By Lars Cornax, Director, Netherlands Measurement Institute (NMi).
Next time you stop to fill up your car, you might complain to yourself about the price of the fuel, but as you watch the numbers tick higher on the gauge, at least you can be confident you are being charged for what you are pumping into your tank. However, for the growing army of electric vehicle drivers, this level of certainty is not guaranteed.
This is because the accuracy of fast-charging DC stations – which are dramatically growing in number across Europe – is being called into question. A lack of suitable regulation in most European countries means that there is no consistent legal framework and price conformity to ensure EV drivers always get the electricity they pay for.
It’s no surprise that EV drivers find using a fast DC charger more convenient, but special care needs to be taken for possible energy losses which could be introduced between the meter and the delivery point. If manufacturers of EV chargers do not account for such energy losses and the measurement methodology is not properly certified, consumers could end up paying significantly more. And in the absence of specific regulations, consumers have no certainty that they will be compensated for the shortfall.
As a result, EV drivers cannot know for certain that they receive the electricity they pay for. Furthermore, if there is any doubt, there is no opportunity for redress. Effectively, they are left in the dark.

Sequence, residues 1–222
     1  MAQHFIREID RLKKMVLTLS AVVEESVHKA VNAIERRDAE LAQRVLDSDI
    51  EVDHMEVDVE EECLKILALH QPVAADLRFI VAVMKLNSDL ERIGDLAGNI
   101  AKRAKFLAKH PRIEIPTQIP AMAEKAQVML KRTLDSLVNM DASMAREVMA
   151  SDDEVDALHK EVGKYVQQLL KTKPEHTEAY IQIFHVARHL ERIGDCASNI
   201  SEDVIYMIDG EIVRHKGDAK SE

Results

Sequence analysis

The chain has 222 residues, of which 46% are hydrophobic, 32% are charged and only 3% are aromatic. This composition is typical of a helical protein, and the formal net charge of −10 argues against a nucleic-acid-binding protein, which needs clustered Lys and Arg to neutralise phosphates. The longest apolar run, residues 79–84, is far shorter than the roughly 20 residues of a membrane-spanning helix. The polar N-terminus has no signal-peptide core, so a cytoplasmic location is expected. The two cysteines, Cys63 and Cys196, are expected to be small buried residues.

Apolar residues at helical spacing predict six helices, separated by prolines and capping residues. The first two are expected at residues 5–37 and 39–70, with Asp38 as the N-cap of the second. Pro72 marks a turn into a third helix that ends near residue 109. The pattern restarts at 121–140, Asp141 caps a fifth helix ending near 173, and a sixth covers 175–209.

This inconsistency stems from governments struggling to keep pace with the rapidly evolving EV market, driven by the ambitious goals of the global energy transition.
Some European countries make-do with existing legislation to protect EV consumers, but – except in Germany – nothing has been specifically designed for the EV charging market. For example, the Netherlands uses the European MID Directive, which was originally designed to standardise devices such as electricity meters. However, this only works up to a point and this legislation currently only applies to AC meters – not to fast-charging DC meters which continues to grow exponentially.
To protect consumers and ensure consistent, trusted products on the market, something must be done. European-wide legislation, tailor-made to address the EV charging market, would be the best solution, but that could take a while. In the meantime, new national legislation in member states would be a first step to protect consumers using DC charging stations.
This is important not only to protect consumers’ wallets, but also to ensure public trust in the EV infrastructure now taking shape on Europe’s roads. The race is on to build EV charging infrastructure across the continent, with the EU working towards an ambitious Green Deal target of 1 million charging points by 2025. To make the switch away from petrol and diesel vehicles – a critical pillar of the energy transition – drivers need confidence that an EV infrastructure exists to support them. This doesn’t just mean an adequate number of charging points, but also harmonised payment systems, transparent billing details and consistent measurement.
National legislation will, literally, only get EV drivers so far. To help them truly take to the open road across Europe – and accelerate us towards our climate goals – a more harmonised roadmap for electro mobility is needed, including specific EU-wide regulations for fast-charging.
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